The last will is the most commonly utilized estate planning document, and you may assume that you should use a last will to arrange for the transfer of your assets. In fact, you may want to consider a revocable living trust as an alternative.
We are offering a series of seminars during the month of June that will cover revocable living trusts in detail. The seminars are being offered free of charge, and you will obtain a great deal of valuable information if you attend one of the sessions.
The first living trust seminar will be held in Johnson County on June 17th. It will be taking place at Jonathan Byrd’s Cafeteria, and the starting time is 2 p.m. At seven o’clock that evening we will be holding another seminar at the Hilton Indianapolis Northeast.
We will be conducting several other seminars throughout that week. To peruse the complete June living trust seminar schedule, visit this page: June Living Trust Seminars.
When you visit the seminar page you will have an opportunity to register for the individual seminar that fits into your schedule. Though the seminars are being offered free of charge, we do ask that you register in advance so that we know how many people to expect.
Benefits of Living Trusts
Some people think that trusts are only useful for the wealthy, but a living trust can benefit people of relatively ordinary means.
If you use a last will to facilitate the postmortem distribution of your monetary resources, the will must be admitted to probate. This is a legal process that comes along with certain drawbacks.
The heirs that are named in the last will do not receive their inheritances until after the estate has been closed by the probate court. Probate can take anywhere from perhaps eight months to a year in simple cases. Not-so-simple cases can be held up in probate for years.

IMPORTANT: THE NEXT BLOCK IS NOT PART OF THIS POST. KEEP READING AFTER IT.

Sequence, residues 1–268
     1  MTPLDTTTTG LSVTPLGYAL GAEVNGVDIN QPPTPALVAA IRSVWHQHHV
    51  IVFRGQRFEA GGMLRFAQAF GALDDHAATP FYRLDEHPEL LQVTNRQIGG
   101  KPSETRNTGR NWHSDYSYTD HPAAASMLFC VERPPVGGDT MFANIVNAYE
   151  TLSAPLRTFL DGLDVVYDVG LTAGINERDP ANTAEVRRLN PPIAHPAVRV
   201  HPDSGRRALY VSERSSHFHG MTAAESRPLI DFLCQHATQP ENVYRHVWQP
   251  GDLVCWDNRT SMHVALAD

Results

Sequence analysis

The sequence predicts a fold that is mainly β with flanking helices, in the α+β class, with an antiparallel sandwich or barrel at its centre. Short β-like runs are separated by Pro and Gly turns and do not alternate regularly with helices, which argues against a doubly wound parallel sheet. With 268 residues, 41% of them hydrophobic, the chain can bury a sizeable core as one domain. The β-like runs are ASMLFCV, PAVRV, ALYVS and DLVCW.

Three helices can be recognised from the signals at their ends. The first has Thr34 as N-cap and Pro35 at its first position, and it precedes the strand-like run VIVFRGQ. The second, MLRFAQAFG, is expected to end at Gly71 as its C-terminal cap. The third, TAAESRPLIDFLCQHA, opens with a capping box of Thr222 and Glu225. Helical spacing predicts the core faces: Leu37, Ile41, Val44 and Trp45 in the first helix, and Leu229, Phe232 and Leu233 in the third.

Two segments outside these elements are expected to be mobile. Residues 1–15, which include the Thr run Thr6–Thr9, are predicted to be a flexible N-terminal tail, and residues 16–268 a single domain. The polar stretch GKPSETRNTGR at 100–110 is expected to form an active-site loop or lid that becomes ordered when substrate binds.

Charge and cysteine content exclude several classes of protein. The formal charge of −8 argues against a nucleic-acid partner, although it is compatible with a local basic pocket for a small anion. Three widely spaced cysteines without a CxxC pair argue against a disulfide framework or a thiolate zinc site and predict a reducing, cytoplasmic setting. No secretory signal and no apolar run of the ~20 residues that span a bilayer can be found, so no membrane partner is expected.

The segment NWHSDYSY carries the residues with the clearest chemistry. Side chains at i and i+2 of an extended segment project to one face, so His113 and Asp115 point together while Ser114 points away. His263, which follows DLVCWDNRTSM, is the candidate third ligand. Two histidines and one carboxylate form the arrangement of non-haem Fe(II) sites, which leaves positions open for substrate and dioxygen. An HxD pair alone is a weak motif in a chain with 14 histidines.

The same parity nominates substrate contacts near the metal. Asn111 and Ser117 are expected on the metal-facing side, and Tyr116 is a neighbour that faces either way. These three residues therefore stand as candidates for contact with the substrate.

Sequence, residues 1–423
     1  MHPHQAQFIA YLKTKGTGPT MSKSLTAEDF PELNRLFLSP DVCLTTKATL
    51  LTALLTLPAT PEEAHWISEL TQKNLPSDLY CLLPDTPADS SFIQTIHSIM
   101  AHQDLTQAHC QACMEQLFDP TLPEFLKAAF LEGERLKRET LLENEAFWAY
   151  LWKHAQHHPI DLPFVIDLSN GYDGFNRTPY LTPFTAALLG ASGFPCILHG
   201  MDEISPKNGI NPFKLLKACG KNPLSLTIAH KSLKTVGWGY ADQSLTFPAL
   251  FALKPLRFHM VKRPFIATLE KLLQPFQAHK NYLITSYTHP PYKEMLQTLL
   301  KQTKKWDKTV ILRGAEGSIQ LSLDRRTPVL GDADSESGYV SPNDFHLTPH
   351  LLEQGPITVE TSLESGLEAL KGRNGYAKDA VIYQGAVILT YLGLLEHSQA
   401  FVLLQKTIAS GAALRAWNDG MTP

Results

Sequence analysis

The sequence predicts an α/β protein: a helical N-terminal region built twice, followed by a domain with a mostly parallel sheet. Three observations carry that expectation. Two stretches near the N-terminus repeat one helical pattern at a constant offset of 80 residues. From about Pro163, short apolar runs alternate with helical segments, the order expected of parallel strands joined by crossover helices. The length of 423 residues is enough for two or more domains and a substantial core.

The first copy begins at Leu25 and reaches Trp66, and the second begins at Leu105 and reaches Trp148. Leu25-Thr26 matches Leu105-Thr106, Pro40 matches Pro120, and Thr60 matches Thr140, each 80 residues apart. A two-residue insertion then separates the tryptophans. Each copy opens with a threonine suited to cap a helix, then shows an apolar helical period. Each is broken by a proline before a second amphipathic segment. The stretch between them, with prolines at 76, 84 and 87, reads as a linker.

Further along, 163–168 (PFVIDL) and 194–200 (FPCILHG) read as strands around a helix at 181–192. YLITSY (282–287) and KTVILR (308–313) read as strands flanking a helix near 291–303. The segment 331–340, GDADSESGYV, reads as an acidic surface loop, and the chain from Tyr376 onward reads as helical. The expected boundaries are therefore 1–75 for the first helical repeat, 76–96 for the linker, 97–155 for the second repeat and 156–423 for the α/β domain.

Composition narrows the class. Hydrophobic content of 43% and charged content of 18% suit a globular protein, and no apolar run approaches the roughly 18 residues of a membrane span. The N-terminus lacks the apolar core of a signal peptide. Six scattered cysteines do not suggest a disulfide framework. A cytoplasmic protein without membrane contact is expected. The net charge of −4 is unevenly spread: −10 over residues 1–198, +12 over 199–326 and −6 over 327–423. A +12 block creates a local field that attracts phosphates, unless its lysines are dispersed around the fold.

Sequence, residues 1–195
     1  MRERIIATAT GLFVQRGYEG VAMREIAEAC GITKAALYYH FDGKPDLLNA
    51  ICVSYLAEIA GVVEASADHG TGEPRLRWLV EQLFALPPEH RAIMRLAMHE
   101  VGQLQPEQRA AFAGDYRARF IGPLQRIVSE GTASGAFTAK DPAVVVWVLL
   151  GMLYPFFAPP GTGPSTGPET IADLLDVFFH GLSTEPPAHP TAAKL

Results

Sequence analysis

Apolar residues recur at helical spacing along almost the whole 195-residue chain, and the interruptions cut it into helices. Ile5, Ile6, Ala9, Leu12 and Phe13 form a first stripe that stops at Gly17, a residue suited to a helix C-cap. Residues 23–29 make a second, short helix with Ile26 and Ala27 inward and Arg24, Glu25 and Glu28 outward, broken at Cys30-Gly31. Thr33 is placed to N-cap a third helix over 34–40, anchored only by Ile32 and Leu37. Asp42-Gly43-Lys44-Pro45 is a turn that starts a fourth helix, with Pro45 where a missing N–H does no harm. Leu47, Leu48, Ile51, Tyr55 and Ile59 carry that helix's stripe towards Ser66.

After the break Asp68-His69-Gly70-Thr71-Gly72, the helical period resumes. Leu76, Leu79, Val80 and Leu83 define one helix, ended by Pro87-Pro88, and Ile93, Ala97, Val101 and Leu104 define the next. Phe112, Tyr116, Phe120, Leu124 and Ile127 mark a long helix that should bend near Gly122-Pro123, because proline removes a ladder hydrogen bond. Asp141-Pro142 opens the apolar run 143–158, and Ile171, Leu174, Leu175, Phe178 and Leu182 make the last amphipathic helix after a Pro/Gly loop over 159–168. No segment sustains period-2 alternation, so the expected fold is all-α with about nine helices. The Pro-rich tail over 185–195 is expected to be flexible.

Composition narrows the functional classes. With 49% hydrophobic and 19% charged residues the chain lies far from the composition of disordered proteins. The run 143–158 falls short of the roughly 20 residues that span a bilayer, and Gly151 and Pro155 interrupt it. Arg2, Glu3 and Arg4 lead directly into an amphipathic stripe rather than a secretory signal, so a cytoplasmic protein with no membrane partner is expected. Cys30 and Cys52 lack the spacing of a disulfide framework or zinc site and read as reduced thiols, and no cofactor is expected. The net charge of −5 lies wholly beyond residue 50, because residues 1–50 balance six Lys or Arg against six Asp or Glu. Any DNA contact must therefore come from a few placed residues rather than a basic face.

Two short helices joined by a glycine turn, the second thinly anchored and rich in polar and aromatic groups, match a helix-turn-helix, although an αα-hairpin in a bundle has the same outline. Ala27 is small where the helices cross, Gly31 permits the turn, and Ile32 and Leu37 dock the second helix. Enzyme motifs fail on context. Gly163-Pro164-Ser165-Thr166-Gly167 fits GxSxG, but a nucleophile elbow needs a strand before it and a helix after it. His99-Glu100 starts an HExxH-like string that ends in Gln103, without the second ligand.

There are those who assume that it is too expensive to create a trust, so they decide that they want to use a last will. In fact, estate administration is not free when you use a last will. There are significant expenses that can accumulate during the probate process.
Another thing to understand about probate is the loss of privacy. Probate records are available to the general public.
All of the above pitfalls are avoided when you use a revocable living trust rather than a last will. With a revocable living trust, the trustee that you choose distributes assets to the beneficiaries after you pass away. The trustee follows instructions that you leave behind in the trust agreement.
These distributions are not subject to the probate process.
This is just one of the benefits of revocable living trusts. To learn more, attend one of our June seminars.
Mr. Kraft assists clients primarily in the areas of estate planning and administration, Medicaid planning, federal and state taxation, real estate and corporate law, bringing the added perspective of an accounting background to his work.